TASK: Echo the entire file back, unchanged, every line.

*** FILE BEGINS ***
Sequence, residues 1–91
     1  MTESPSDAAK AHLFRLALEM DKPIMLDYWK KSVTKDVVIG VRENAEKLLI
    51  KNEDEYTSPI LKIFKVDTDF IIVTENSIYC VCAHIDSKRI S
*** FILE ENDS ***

Sequence, residues 1–91
     1  MTESPSDAAK AHLFRLALEM DKPIMLDYWK KSVTKDVVIG VRENAEKLLI
    51  KNEDEYTSPI LKIFKVDTDF IIVTENSIYC VCAHIDSKRI S